It’s a very textually oriented feel to it. Well, back to work on it.

And yet…

Quinnipiac has been home to a rash of intolerance and hate crimes recently. I extend sympathy and support to the victims of these terrible events, and I join with other QU students in hoping that they will rise above the ignorance of racist numbnuts and continue to make Quinnipiac their home and their University if at all possible given the hatred they’ve been exposed to.

I’m more than a little concerned with President Lahey’s actions in response to this crisis once again. As reported in the online version of the “official” QU school newspaper, the Chronicle, the police have made arrests of suspects, and the university has already dismissed at least one of those students… even though formal guilt or innocence has yet to be determined in a court of law.

[Lahey] also defended the decision to dismiss the alleged perpetrators immediately, saying that it was irrelevant whether or not they had committed a crime.

“It may be legal to be a bigot in this country and this world, but you’re not going to be a member of this community and be a bigot,” he said.

Wait just a second

I don’t understand how someone like Lahey gets to run a university. I just don’t understand it. I can totally understand wanting to respond to the problem in a swift and decisive manner… that’s generally understood to be the hallmarks of leaders. But the problem really lies in the fact that an arrest by police does not generally constitute proof of guilt.

What if Lahey has dismissed the wrong student? What if the harassing calls merely came from the guy’s cell phone, and that they were pranks that a “friend” of the accused perpetrated? What happens then?

Essentially, Lahey has dismissed one of the university students on the suspicion of an act which might not actually be illegal under the law at all. And the student so dismissed might not have actually made the harassing call. One assumes that there’s sufficient evidence present for the police to make an arrest, but whether that evidence is strong enough to actually indicate real guilt, that’s a question which remains to be sorted out by the calm, cool, and logical process of the court system. In a way that’s been designed to ensure that justice is as dispassionate as possible, to differentiate it from revenge.

Well, at least this one suspect’s day in court is tomorrow and we’ll know whether Lahey was correct or not. Still, even if Lahey’s actions turn out to be well-founded, they were made very hastily. Color me old fashioned, but I’d prefer to go to a university founded on fairness and adherence to legal codes, where students would first be “suspended from school pending official investigation”. And given the option of a disciplinary hearing in front of a student-run J-board.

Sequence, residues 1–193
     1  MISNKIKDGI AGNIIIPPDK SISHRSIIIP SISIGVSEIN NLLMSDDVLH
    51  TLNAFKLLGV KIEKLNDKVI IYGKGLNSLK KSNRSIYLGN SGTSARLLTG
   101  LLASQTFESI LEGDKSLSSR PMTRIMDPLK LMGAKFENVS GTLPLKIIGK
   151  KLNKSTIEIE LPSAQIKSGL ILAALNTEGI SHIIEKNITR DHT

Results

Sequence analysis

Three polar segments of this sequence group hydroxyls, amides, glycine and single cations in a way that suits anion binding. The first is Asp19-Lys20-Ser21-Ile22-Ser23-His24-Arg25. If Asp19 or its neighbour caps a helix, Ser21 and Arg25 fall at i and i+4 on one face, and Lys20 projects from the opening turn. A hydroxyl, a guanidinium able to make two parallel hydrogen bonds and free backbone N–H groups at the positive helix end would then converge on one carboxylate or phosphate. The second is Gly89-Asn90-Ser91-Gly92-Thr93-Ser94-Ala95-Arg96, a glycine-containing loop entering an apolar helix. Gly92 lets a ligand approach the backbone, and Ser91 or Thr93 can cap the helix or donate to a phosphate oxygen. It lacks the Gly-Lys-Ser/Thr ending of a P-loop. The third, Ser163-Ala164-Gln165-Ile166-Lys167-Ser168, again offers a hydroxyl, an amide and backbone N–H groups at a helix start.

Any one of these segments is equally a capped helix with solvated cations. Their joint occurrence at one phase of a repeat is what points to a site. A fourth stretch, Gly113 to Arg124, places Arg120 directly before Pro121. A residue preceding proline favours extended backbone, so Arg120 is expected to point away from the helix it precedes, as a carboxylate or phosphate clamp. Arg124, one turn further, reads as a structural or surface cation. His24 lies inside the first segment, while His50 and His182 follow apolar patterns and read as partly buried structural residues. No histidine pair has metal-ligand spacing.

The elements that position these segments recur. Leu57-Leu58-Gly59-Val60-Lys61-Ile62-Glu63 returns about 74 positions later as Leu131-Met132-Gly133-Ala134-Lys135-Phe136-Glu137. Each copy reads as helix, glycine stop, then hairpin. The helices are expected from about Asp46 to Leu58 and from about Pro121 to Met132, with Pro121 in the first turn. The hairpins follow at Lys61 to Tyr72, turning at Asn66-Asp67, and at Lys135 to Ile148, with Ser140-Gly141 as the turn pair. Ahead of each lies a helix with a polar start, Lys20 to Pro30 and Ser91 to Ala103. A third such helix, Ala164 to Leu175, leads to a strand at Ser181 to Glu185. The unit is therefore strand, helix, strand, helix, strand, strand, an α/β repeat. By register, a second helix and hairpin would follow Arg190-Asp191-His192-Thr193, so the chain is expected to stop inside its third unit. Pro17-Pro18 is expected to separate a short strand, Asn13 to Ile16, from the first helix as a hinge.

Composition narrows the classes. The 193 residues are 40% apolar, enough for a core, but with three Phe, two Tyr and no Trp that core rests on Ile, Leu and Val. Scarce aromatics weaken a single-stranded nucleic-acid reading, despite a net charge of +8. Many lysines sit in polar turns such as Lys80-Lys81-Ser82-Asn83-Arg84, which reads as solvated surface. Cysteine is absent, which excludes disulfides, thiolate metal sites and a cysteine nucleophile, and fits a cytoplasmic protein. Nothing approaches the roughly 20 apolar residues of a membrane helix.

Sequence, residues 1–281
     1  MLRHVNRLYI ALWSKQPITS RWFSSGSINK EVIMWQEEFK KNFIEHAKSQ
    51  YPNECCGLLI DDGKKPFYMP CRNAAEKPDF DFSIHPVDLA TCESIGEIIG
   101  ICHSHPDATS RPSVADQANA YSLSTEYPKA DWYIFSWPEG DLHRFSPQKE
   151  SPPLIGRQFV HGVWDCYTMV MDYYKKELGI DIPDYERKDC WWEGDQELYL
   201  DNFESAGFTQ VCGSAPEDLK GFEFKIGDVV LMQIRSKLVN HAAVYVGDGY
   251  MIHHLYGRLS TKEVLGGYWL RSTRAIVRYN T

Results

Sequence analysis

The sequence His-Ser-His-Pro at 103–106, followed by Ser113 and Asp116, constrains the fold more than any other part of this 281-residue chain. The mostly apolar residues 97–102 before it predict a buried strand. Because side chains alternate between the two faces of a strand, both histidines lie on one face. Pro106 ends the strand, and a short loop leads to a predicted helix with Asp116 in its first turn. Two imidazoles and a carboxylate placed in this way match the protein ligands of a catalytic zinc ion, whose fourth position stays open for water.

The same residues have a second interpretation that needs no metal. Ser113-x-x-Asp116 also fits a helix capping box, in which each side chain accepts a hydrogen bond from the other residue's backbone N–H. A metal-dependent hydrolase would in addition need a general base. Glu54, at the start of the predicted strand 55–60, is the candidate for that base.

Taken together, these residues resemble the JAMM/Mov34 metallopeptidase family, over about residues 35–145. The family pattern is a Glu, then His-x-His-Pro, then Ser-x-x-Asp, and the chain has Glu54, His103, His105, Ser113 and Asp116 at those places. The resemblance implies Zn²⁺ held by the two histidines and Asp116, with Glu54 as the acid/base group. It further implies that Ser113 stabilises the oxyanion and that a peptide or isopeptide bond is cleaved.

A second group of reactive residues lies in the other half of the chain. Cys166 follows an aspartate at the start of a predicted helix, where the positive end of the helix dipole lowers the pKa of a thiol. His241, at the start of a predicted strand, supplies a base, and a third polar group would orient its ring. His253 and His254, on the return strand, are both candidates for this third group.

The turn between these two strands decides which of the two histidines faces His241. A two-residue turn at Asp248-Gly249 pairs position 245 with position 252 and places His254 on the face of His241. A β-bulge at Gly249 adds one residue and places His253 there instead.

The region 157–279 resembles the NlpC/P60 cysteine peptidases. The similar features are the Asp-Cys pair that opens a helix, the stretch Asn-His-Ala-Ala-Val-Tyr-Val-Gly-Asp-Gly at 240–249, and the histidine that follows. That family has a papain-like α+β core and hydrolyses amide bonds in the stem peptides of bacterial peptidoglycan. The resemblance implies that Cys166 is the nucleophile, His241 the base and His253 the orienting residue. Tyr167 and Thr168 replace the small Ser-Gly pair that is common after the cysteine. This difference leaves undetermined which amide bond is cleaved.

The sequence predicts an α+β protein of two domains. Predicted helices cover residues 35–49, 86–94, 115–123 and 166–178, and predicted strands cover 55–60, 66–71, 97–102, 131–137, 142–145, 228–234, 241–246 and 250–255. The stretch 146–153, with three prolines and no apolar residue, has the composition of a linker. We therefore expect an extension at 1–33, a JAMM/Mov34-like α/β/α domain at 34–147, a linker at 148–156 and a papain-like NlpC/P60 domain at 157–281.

I was going to say that you would think a University with a Law School on campus would be a bit better versed on finer points of the law and the due process of justice which protects us all from abuse, but given the track record that Lahey has when it comes to handling Freedom of Press issues when the University has a Journalism school, I guess I shouldn’t be surprised.

Election day like never before

I’ve worried about presidential elections before, but I’ve never been hopeful at one. Not even when Bill Clinton got elected way back when. I was happy that Clinton was going to win, but never was there such a feeling of collective anticipation of good things to come.

Maybe it’s because we weren’t coming off of W Bush and Cheney’s Misadventures in the White House. The absolute worst presidential administration -ever-. EVER. As Chris Rock said in his HBO special KILL THE MESSENGER, “He fucked up so bad that America no longer trusts old white men to run the Oval Office.” And that’s saying something.

Today has been difficult. Difficult to concentrate. Difficult to sit still. Difficult to pay attention to anything outside of the election. Facebook has taken off in ways I find absolutely amazing, with political debates and support messages flying back and forth in peoples’ Status messages and comments on the status messages. Conversations happening and people egging folks on to get out the vote, regardless of party. Twitter was pretty cool too, watching some of the special topic groups and the up-to-the-minute “reporting” of everything that’s been going on regarding individual votes and voting.

The news coverage aspect of it has been great. I know, for example, that there was one incident where a polling place had to be allegedly shut down due to overzealous McCain supporters shouting and raising ruckus outside of the polls. I also heard of two alleged members of the Black Panthers somehow ‘menacing’ a neighborhood polling place in Philadelphia. Or so the tweets mentioned.CNN and BBC still haven’t picked up on the blurbs, so they might not have happened, or the news moguls are just too busy focusing on the bigger picture.

I feel very hopeful about Obama winning. I like the idea of the America that an Obama presidency paints. And for all of the talk about how evil “Socialism” is, I challenge anyone to explain Social Security as anything other than a form of socialism. It’s not like the American economy has been unregulated since the days of Tammany Hall and the original monopolies. What’s wrong with a balance between caring for fellow Americans and ensuring a minimum standard of living, AND having the American Dream for those motivated to climb the ladder to heights of wealth and prosperity? Nothing that I can see.

An Obama win doesn’t feel like a “magic bullet” to me. On the contrary, if Obama wins, it will feel like rolling up our sleeves collectively and getting ready to clean up this huge mess we’ve inherited from the blindness and arrogance of the current administration and those who put people like that into power. There is much work to be done, but Obama in office feels like a leader who will see us through it. Change. It feels real now.

Or hopefully it will feel real tomorrow.

And if McCain wins, I hope that the Obama sticker on my car saves it from the mob.